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Amid probe, DEC halts sale of seized fish

Fresh fish purchased daily at market. (June 14,

Fresh fish purchased daily at market. (June 14, 2012) Credit: Leslie Barbaro

The Department of Environmental Conservation has suspended the practice of selling the seafood it seizes from fishermen in enforcement actions as an internal review of its practices continues.

The move, which follows a report in Newsday last month that the agency was reviewing its practices related to confiscations, comes as a lawyer for East End fishermen on Thursday filed an ethics complaint against the agency charging the sales constitute a conflict of interest.

For the past month, agents for the state inspector general have been traveling around Long Island and New York City interviewing fishermen and women on their experiences with the DEC, which said it is cooperating with the investigation. The IG's office didn't return calls seeking comment.

Critics of the DEC's confiscation practices have accused the agency of seizing fish and equipment without giving accused fishermen the chance to make a claim for their property, even after cases are concluded. Several fishermen and wholesalers say there is no process to reclaim losses when suspects are found innocent, plead to significantly lesser charges, or charges are dropped.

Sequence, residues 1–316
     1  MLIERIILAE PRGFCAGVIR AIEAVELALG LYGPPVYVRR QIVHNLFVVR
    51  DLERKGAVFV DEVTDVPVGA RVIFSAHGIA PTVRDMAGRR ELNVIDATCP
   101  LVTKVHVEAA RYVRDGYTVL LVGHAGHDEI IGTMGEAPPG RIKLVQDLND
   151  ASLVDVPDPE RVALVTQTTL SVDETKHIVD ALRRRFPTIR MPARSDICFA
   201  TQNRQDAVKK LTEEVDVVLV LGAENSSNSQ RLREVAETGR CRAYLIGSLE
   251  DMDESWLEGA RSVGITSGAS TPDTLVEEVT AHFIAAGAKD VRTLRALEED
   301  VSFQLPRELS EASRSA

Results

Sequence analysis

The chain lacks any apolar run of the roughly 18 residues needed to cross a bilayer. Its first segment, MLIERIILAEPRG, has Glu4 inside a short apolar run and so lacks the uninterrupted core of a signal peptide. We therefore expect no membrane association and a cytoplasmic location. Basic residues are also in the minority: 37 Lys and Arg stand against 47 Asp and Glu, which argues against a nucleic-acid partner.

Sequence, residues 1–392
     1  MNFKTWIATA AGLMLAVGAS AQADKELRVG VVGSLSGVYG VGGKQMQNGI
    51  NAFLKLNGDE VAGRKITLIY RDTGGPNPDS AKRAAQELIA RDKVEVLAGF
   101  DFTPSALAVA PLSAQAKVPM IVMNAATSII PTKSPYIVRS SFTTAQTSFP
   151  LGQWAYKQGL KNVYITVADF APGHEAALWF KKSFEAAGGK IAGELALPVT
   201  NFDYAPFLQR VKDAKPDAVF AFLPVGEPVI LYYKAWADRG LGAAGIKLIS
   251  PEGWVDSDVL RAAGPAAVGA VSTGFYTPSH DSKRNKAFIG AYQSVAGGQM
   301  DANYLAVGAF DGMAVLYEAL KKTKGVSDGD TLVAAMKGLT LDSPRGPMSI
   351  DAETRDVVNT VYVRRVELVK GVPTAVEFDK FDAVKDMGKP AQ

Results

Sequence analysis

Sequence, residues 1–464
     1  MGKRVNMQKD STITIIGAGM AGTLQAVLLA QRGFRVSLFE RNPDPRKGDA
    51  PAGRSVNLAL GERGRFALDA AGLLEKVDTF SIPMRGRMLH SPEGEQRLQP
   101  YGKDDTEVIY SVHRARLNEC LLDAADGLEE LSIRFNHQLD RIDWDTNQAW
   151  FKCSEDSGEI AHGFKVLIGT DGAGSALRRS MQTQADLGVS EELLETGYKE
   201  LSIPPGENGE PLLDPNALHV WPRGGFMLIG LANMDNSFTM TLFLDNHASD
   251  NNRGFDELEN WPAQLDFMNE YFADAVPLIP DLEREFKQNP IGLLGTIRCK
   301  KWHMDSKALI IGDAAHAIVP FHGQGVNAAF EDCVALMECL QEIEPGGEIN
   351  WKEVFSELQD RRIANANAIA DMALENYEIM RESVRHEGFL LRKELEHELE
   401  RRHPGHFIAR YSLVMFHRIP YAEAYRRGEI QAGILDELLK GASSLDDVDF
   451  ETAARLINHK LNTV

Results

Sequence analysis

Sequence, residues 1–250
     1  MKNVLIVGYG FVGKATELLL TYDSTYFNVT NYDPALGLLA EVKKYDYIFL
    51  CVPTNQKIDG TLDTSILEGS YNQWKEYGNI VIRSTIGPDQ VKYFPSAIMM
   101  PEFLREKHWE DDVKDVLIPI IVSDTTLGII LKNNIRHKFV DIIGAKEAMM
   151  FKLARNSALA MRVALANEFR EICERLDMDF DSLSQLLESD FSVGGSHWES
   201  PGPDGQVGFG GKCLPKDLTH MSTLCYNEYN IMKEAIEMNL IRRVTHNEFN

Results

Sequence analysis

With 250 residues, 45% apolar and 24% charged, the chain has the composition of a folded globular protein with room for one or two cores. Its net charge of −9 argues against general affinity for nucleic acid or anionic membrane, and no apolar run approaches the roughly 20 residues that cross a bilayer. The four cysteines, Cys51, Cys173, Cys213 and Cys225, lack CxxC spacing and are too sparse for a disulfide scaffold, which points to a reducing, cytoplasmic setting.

The State Legislature, led by Assemb. Fred Thiele Jr. (I-Sag Harbor), this spring proposed a law that would limit warrantless seizures from fishermen, but the bill did not pass. Thiele last week said he will reintroduce it pending the outcome of the inspector general's probe.

In an email Friday, DEC spokeswoman Emily DeSantis confirmed the agency "has suspended the infrequent practice of selling contraband fish" pending a probe of its practices.

She added, "DEC remains committed to its mission of protecting our threatened fish stocks."

But some have accused the DEC of going too far. Riverhead lawyer Daniel Rodgers, in an ethics complaint filed with the state Ethics Commission last week, accused the DEC and its conservation officers of a conflict of interest in seized fish sales.

When DEC officers sell their seized fish to a local fish market, "they are directly competing with local fishermen and women, the same men and women they regulate and in some cases may have seized the fish from," the complaint charges.

In addition, when agents "accept money on behalf of the Department of Environmental Conservation for the sale of the seized fish, they are engaging in a commercial transaction with an entity they also must regulate: the local fish market."

DeSantis, in her statement, responded: "Through fair and consistent enforcement, DEC ensures a level playing field for all law abiding fishermen who make their living at sea. Marine Fishery laws also ensure a sustainable fishery for current commercial fishermen, recreational fishermen and the public for future generations."

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